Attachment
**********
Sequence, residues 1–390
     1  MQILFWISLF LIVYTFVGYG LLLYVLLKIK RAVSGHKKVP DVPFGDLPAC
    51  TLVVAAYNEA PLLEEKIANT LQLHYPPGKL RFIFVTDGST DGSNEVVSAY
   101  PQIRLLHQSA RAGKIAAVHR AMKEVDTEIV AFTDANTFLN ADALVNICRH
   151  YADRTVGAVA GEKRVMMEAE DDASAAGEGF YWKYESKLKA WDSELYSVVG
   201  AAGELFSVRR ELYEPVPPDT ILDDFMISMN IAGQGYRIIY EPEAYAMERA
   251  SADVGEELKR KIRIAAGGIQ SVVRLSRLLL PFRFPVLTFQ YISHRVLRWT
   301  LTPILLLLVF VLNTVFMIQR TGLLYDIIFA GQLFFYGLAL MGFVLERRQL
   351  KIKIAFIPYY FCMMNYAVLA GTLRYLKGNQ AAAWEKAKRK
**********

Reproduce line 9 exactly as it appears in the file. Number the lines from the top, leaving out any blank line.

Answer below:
   351  KIKIAFIPYY FCMMNYAVLA GTLRYLKGNQ AAAWEKAKRK